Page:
tired. So I would see my
gynecologist every year, and every year she
would tell me that she thought that there
was something wrong with my thyroid
and she wanted to do specific thyroid
testing, and every year she did and every
year she would tell me that it would
come back within normal limits. One
day though it became really bad– my
daughter and I went to Space Camp, and my
daughter and I had gone to Space Camp every
year from when she was seven on, it was
one of her favorite things to do. I woke up
and my eyes were bulging and so
bloodshot I thought that I wasn’t sleeping
well because I’m in Space Camp. I’m
sleeping on this horrible mattress and I
flown here, which irritates my eyes,
but I really felt terrible. I got a
primary care doctor and I told him that
what was wrong with me now was that I had
developed an allergy to cats. He looked at me and he said I’m
gonna run some blood tests, not just
the typical thyroid panel which my
gynecologist had been running for years
but he said that there was a test that
he wanted to run, and he called me back in and
he told me that I had Graves disease. Patients like Liz and Kaylin are
not alone in their struggle, in a
sizable number of people with autoimmune
thyroid conditions, routine blood tests
can fail to detect the antibodies
allowing the disease to progress. So because
autoimmune thyroid disease is what is
causing the thyroid function problem, we
have to look at what the immune system
is doing so we have to look beyond those
basic tests. Up next technology
takes a leap towards early diagnosis
[Music] [commercial]
[Music] Welcome back the diagnosis of
autoimmune thyroid disease can be elusive,
leaving patients questioning their
symptoms even after they leave the doctor. According to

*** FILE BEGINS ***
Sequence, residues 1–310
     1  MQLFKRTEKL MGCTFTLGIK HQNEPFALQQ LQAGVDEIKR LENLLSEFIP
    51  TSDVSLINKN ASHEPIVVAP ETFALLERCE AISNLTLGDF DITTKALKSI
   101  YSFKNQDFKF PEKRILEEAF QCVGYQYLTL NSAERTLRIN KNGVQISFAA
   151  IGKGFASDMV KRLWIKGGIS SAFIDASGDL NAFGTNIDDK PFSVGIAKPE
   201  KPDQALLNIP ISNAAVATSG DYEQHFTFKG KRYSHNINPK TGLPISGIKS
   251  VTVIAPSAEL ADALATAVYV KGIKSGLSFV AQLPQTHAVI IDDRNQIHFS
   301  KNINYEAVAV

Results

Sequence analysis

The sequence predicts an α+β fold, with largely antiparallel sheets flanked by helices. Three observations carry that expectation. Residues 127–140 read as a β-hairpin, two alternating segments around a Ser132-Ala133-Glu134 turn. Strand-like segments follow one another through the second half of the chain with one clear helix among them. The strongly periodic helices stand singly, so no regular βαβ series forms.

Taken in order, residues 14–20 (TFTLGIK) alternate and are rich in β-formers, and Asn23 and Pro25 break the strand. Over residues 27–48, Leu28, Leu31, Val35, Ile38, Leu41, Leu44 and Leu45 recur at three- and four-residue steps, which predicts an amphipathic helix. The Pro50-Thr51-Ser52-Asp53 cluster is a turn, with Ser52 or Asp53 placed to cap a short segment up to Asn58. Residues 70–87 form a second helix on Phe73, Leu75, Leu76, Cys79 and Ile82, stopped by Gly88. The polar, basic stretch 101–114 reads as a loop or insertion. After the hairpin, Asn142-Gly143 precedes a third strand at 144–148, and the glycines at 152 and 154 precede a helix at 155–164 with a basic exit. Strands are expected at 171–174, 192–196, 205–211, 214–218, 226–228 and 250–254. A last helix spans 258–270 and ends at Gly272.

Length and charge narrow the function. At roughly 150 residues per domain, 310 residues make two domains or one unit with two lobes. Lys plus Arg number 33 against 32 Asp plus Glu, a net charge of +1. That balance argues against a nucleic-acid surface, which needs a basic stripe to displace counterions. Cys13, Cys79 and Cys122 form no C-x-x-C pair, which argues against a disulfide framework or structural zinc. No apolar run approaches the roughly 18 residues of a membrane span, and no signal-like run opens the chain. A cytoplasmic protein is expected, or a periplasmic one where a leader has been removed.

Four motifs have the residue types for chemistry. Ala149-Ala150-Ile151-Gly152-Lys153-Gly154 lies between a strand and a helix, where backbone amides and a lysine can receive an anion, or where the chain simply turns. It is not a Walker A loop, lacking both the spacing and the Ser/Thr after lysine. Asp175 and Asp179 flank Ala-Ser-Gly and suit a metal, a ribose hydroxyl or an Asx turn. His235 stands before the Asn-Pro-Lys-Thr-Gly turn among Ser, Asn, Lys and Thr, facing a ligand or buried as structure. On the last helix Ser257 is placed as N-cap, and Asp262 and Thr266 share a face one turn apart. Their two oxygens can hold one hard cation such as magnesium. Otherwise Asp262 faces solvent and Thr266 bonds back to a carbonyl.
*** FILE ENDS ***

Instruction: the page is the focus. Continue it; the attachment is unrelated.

the guidelines published by the American
Thyroid Association, measurement of
thyroid antibodies for confirmatory
diagnosis of autoimmune thyroid disease
is recommended. Dr. Lupo
explains that there are antibodies in the
blood that through innovations and testing,
can be detected to confirm Hashimoto’s
and Graves disease before it may
even be reflected in a patient’s TSH. There are
different types of thyroid antibodies in
the blood some of them will stimulate the
thyroid to make excess thyroid hormone–
and we see that in Graves disease–
some of them will block the thyroid and
decrease the thyroid hormone production
causing hypothyroidism, some of them will
destroy or damage the thyroid, and those
are the thyroid peroxidase and thyroglobulin antibodies that we
see typically in Hashimoto’s. There
are times where the TSH test is normal but
the thyroid is already under attack
by the immune system, so the times we
think about that would be if there’s a
strong family history, if there’s some
symptoms suggestive of thyroid or
previous history of thyroid TSH results
that fluctuate a little bit, very
importantly if there’s a young woman who has
had trouble becoming pregnant, or
who has had miscarriages, screening with a
TSH is not enough, looking at thyroid
antibodies is very important to explain those
reproductive problems and, which, are
quite treatable with thyroid medication. Other times we see patients with
thyroid eye disease, so the eyes become
bulging, the vision becomes impaired the
eyes can ache, or be irritated,
seemingly– maybe eye allergies or something else–
but that can be Graves disease, where those
antibodies that attack the thyroid, the TSH
receptor antibodies also attack the fat
and muscle behind the eye and caused
the bulging and that can occur with
a normal TSH. So my test results were
saying that I was normal but I wasn’t, I
wasn’t feeling normal and I wasn’t
feeling right. Fortunately, finally,
someone said let’s figure out why,
and then they ran that one extra test
that was able to give the answer. Remembering that Graves disease
is the immune system attack, where the
thyroid is tripped and stimulated into
making excess thyroid hormone, if we
can measure something that’s very specific
as a stimulating immune system
attack, that would give us a definite